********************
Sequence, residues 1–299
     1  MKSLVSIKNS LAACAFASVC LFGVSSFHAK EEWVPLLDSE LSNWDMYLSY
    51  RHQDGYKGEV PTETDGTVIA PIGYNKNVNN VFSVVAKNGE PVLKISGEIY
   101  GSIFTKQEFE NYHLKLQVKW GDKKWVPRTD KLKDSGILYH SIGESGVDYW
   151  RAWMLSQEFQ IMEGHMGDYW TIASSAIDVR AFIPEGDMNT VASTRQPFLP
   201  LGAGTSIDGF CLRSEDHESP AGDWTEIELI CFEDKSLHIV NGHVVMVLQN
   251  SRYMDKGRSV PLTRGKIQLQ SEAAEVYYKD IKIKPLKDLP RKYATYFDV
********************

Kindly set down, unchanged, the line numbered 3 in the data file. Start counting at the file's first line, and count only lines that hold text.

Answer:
    51  RHQDGYKGEV PTETDGTVIA PIGYNKNVNN VFSVVAKNGE PVLKISGEIY